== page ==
What books have inspired you? *or* What book changed your life?  

Certainly, the Bible is the most inspirational book ever written. Books that enhance my faith are high on the list. While working, I read most of the books about leadership that came out. I am inspired by reading biographies about former presidents and other historic figures.

What are you reading right now?

I am reading Kristin Hannah’s “The Great Alone” about a family that moves to Alaska and trials that they go through. I am a member of a couple book club that has been in existence for over 45 years with nearly the same members. We read about 10 books per year. We have just finished reading “The Violin Conspiracy” by Brendan Slocumb. I am looking forward to our discussion about the book that will occur in a few days.  However, one of the best parts  of the group is that we each nominate a new book and explain why we should read it. I get a lot of reading ideas from that discussion. 

Key Findings and Recommendations in School Library Report

By Judi Paradis, Librarian at Thomas R. Plympton Elementary School

The Special Commission on School Library Services in Massachusetts submitted its final report to the Legislature this month.  George Comeau served on this Commission representing the Massachusetts Board of Library Commissioners.  The report of the Commission includes key findings regarding equity and access issues in the Commonwealth’s school libraries.  The Commission provided legislators with a series of recommendations for improving equity in Massachusetts public schools, and provided a comprehensive plan and timeline for their implementation.  In a letter to the Massachusetts Legislature, the Commissioners urged legislators to accept their recommendations and work with DESE to ensure their implementation.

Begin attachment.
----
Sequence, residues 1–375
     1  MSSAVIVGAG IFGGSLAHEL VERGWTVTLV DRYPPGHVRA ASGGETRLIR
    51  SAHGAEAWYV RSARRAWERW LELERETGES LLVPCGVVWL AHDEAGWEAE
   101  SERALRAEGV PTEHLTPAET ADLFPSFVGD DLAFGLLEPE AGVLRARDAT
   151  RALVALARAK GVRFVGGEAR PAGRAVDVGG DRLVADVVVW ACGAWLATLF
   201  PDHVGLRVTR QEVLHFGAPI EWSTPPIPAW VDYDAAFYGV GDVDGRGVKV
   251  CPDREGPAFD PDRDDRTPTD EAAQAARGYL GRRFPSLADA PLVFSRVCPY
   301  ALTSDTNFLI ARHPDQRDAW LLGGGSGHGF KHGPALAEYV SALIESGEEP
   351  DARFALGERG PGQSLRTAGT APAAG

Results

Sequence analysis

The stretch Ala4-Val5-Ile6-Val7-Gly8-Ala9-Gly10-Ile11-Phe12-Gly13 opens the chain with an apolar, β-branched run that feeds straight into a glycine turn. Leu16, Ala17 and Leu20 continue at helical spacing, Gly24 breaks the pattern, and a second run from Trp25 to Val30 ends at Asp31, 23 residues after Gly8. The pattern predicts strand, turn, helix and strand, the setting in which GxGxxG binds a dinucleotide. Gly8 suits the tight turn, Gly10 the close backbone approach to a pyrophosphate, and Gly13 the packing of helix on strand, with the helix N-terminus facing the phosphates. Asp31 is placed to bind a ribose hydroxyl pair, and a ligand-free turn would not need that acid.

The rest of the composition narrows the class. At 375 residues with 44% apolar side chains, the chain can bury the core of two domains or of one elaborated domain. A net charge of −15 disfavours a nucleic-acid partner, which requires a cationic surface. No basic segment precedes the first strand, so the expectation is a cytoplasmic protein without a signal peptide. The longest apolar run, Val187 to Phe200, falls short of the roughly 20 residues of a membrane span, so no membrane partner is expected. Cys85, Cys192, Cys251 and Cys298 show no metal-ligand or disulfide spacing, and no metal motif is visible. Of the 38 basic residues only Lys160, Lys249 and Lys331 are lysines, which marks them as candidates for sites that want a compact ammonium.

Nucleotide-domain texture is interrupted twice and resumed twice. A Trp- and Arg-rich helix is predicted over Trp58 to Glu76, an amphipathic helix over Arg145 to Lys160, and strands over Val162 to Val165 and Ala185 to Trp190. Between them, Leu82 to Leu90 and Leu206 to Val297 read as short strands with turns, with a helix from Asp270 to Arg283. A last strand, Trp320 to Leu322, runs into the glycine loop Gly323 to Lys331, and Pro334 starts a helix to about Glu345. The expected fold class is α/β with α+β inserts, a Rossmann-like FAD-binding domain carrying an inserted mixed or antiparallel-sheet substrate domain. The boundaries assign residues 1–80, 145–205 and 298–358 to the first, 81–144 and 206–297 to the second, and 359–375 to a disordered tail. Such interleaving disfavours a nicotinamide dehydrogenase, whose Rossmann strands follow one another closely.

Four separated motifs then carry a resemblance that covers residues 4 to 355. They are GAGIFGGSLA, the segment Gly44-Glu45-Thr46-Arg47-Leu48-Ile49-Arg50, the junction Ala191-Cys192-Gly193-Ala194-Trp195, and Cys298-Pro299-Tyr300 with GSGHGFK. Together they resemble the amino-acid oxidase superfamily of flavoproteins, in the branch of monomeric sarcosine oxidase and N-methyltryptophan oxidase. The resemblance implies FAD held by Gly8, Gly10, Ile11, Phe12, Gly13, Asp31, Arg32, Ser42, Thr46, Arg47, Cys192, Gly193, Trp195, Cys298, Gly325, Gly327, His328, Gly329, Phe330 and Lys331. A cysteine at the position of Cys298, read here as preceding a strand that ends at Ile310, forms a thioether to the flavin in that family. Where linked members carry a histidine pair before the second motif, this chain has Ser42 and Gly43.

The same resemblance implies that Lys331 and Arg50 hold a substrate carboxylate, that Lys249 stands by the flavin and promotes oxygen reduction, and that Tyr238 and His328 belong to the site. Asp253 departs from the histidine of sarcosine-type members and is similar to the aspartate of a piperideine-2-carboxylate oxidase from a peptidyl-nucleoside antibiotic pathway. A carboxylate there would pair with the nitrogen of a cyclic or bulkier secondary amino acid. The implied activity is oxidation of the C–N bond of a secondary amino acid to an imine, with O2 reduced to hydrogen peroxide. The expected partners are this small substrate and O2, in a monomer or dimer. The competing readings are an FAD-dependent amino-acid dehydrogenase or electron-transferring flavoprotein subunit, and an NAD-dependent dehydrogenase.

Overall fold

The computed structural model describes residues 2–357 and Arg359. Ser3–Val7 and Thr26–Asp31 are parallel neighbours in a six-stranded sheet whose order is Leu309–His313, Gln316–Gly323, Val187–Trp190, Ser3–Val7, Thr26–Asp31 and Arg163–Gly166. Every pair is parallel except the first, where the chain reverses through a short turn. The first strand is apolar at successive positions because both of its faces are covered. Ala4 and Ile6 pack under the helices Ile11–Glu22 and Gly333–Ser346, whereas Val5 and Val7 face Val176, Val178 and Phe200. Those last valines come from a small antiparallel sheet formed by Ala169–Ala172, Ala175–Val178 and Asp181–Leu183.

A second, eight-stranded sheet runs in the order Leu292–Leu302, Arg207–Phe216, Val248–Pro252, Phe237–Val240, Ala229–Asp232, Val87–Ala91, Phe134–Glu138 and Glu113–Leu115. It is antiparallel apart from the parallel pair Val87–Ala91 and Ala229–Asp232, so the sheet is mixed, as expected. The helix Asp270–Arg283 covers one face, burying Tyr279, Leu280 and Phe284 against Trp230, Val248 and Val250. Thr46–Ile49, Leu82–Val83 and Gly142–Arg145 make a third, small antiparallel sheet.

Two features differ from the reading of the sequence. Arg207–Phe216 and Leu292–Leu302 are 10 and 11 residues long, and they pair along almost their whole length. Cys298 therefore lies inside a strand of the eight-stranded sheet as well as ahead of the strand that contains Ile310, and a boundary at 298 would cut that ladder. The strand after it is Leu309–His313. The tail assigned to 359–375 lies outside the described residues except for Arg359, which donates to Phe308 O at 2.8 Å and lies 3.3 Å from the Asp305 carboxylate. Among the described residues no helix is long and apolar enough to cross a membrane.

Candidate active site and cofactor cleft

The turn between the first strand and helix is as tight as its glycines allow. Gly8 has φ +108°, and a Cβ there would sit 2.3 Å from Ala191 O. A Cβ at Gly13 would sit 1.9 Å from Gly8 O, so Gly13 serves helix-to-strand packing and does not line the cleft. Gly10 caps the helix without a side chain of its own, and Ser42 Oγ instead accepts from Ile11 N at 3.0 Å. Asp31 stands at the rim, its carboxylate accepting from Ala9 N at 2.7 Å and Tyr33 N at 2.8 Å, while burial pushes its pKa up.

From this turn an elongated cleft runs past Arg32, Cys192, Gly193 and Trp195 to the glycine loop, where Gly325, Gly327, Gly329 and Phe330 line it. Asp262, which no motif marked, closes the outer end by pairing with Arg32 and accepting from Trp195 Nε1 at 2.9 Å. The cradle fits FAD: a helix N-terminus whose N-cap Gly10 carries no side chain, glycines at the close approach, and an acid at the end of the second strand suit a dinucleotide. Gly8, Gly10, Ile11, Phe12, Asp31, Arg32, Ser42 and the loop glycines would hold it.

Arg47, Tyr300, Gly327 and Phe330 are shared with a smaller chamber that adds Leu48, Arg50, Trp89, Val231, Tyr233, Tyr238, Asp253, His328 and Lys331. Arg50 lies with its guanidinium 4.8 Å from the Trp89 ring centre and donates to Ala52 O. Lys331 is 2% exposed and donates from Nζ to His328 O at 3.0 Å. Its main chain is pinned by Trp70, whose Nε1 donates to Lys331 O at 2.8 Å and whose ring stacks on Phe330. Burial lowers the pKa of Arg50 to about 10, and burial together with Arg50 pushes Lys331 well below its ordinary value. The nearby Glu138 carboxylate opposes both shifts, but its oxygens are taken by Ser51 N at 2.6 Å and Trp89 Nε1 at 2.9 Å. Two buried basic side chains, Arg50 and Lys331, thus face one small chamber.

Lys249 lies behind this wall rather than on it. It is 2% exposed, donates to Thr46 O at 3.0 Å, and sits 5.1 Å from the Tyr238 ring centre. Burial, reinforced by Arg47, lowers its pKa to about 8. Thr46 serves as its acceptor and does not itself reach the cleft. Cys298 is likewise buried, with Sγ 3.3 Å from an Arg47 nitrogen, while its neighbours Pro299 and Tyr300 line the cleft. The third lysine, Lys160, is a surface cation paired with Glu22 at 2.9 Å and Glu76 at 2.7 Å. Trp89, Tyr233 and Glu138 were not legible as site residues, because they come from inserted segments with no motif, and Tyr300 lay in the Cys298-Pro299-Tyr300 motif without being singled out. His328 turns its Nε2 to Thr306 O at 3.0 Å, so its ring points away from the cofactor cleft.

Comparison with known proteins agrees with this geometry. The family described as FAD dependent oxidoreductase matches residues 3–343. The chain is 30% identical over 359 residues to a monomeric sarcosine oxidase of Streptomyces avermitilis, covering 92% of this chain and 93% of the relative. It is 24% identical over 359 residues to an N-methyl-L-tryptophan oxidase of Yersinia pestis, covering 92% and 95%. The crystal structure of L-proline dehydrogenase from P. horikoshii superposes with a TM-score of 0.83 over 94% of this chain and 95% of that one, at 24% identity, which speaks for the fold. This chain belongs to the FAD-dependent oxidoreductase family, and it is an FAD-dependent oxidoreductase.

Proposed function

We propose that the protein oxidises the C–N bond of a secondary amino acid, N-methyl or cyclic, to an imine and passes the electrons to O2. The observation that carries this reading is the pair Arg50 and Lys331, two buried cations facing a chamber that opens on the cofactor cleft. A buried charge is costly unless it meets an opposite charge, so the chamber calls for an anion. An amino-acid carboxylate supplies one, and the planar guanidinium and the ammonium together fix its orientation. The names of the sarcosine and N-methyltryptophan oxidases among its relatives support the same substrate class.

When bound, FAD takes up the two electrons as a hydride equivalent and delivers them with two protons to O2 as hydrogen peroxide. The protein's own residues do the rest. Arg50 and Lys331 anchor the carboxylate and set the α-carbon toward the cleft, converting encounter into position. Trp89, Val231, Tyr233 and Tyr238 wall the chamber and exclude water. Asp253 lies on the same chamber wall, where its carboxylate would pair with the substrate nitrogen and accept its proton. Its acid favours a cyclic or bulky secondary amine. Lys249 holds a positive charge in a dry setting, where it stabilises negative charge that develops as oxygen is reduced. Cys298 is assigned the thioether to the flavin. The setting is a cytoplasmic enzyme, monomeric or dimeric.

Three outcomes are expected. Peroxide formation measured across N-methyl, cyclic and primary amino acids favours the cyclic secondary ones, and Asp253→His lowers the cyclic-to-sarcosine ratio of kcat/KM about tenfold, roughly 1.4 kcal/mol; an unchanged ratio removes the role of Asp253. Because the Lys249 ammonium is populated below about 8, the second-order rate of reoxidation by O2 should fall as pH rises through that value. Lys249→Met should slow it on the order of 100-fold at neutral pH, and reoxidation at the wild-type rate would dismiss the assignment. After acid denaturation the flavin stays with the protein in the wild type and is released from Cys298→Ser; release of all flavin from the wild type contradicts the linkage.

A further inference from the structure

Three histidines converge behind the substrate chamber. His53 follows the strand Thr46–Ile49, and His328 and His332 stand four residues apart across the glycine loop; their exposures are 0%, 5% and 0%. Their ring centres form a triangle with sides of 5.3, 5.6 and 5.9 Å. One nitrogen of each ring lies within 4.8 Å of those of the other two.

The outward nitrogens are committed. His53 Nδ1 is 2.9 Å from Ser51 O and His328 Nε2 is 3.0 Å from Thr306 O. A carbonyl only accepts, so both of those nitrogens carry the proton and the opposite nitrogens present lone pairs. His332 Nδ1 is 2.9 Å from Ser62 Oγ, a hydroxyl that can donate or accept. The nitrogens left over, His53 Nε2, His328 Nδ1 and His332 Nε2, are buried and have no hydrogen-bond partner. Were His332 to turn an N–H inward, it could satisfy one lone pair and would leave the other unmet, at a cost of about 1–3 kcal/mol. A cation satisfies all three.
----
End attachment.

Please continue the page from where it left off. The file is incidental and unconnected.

The Commission, which included legislators, members of the library and educational communities, and community members, contacted two respected researchers to conduct a comprehensive academic study to evaluate school library programs for equity using a series of data points specified in legislation passed by the Massachusetts Senate in 2013 (Bill S. 1906).  The leading researcher, Dr. Carol A. Gordon, is a retired Associate Professor in the Department of Library and Information Science at Rutgers University where she served as the Co-Director of the Center for International Scholarship in School Libraries (CISSL).  She was assisted by Dr. Robin Cicchetti, Head Librarian at Concord-Carlisle Regional High School.  The study was distributed by the Massachusetts Department of Elementary and Secondary Education (DESE), and data analysis assistance was provided by CISSL.